A beautiful flower bloomed in my garden yesterday, a stunning red hippeastrum. It was the same flower that my grandmother used to grow in her garden. In fact it is from the same plants, which I transplanted to my own garden when my parents sold her house after she and my grandfather passed away. Gardening was her thing… and hippeastrums were her specialty so it is special to me to see them bloom each year. Perhaps sentimentally, they really bring her back into my life every time they do even though she died more than 15 years ago.
I’ll bet many of you have similar things growing in your garden that have their own special stories… Heirlooms from your life or lives gone by that have been left behind and that, when they come to life bring your memories alive.
Year after year, in the spring, these flowers bloom in my garden, and after 10 years in this house, there is heaps of them, strewn from corner to corner. We take care to pollenate them, catch the seeds as they fall and plant them somewhere else in the garden, every single year. As a child, my grandmother, who was a botanist, took great pride in teaching me how to pollenate these beautiful lilies, carefully dusting the stigma with the dust that stains hands, clothes and anything else it touches, and now I do it with my own children. Hopefully these flowers will be special to them one day.
Over the years of childhood we would experiment with them too. We’d take a thumbful of pollen from a red hippie and combine it with the pollen from a white hippie and remember where we planted it to see what the colour would do the following year. These experiments were terrific fun for me and for my grandma and provide me with the most beautiful memories now.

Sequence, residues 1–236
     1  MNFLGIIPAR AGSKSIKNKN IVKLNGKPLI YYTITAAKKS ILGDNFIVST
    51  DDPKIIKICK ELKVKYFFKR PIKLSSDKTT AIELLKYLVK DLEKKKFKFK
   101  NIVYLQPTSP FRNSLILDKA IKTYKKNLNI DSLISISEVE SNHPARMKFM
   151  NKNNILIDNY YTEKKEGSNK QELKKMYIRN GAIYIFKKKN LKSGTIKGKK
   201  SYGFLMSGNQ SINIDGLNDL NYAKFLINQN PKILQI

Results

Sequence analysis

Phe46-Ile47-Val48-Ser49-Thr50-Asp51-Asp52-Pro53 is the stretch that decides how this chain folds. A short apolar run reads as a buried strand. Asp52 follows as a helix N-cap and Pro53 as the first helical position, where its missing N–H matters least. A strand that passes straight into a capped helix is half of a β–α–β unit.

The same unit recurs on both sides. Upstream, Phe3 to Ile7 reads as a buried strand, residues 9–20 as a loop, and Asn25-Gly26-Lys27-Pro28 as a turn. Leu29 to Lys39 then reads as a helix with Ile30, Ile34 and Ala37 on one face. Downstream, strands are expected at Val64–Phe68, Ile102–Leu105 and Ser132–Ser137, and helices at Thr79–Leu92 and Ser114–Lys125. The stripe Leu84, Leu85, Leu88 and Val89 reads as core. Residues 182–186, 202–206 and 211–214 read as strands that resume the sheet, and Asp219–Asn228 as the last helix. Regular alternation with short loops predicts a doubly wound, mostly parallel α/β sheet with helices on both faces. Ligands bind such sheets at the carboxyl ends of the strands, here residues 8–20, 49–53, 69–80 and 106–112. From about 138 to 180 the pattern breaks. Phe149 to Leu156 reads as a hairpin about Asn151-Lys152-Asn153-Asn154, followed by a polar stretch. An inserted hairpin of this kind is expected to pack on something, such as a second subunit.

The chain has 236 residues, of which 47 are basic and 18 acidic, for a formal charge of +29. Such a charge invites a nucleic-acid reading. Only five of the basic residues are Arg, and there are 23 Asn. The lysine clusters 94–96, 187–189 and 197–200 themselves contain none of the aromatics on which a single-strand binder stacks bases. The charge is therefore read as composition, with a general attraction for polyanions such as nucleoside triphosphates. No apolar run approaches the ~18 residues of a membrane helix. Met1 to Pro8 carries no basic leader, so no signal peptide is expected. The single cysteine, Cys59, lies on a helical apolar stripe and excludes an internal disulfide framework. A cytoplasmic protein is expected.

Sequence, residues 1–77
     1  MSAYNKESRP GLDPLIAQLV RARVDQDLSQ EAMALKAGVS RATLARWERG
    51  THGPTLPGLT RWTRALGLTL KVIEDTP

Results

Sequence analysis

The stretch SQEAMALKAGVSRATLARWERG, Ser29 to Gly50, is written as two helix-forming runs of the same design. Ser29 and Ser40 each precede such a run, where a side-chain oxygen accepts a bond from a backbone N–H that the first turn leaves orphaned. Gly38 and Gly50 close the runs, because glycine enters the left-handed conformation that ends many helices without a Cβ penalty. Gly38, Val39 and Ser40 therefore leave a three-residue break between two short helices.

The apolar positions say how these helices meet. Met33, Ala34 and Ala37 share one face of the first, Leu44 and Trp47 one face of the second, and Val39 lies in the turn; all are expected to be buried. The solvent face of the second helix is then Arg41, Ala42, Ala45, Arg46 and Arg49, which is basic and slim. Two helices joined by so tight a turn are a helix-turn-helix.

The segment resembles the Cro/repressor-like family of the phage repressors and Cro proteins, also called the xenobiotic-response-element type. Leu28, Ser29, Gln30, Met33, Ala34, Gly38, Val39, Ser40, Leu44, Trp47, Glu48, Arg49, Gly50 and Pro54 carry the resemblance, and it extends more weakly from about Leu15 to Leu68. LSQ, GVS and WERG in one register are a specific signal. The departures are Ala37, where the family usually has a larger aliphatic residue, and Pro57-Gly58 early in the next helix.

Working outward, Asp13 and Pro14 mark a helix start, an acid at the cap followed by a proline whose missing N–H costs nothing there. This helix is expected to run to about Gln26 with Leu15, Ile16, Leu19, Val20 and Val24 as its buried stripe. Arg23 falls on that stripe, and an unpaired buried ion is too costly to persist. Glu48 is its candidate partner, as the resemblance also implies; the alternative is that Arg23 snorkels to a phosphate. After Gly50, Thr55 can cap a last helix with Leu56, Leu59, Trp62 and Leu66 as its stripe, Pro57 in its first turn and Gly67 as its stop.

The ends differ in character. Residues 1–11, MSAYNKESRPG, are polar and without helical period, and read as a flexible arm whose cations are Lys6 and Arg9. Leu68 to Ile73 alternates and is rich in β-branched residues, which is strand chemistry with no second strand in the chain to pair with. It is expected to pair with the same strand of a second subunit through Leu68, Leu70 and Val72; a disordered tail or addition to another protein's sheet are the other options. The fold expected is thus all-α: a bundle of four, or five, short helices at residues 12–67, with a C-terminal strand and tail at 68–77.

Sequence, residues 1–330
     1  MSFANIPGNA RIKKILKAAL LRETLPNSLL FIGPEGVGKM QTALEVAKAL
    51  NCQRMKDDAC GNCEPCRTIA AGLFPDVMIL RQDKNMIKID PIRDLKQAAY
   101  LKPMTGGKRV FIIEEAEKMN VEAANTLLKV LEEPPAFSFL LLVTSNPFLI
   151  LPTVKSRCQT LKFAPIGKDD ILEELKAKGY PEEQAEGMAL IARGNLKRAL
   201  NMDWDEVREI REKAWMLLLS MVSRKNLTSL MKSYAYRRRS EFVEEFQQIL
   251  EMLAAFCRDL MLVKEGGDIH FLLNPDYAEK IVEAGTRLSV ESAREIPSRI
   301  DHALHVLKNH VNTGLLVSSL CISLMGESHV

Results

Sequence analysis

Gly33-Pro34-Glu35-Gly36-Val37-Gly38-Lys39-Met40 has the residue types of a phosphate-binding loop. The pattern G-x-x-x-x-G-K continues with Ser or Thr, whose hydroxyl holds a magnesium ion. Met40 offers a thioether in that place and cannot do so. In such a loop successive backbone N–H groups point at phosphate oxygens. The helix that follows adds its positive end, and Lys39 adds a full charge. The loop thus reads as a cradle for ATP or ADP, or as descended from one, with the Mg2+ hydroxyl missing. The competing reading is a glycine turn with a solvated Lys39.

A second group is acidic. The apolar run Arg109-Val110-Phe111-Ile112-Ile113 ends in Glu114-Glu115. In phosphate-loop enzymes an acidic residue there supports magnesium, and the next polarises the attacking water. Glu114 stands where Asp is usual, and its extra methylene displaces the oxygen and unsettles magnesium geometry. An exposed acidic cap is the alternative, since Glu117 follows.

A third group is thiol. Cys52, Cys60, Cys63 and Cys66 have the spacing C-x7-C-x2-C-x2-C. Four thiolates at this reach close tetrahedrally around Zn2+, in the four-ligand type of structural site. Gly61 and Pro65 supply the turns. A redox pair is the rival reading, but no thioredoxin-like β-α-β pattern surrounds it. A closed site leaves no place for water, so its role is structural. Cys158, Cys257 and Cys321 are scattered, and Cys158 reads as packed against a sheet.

It is not the formal meaning of the term but it seems so simple. Perhaps you are like my mother-in-law who has a rose that she got a cutting of a sister-in-law that died too young from cancer. And year after year she prunes it, fertilises it and cares for it. These plants are oh so much more special for the memories they have attached to them.
Every now and then, when I am showing my kids the pollination process, I wonder whether many children still get this type of education? With the advent of computer games will they ever know what the flowers smell like and how to pollenate them outside of a textbook? So today I want to ask you two things:
1) Do you have a plant in your garden that acts as a special heirloom, or memory-creator each time it blooms? – tell us about it today or you could even share a picture.
2) Do you teach your grandchildren and children about it, so it can perpetuate its heirloom status in your family?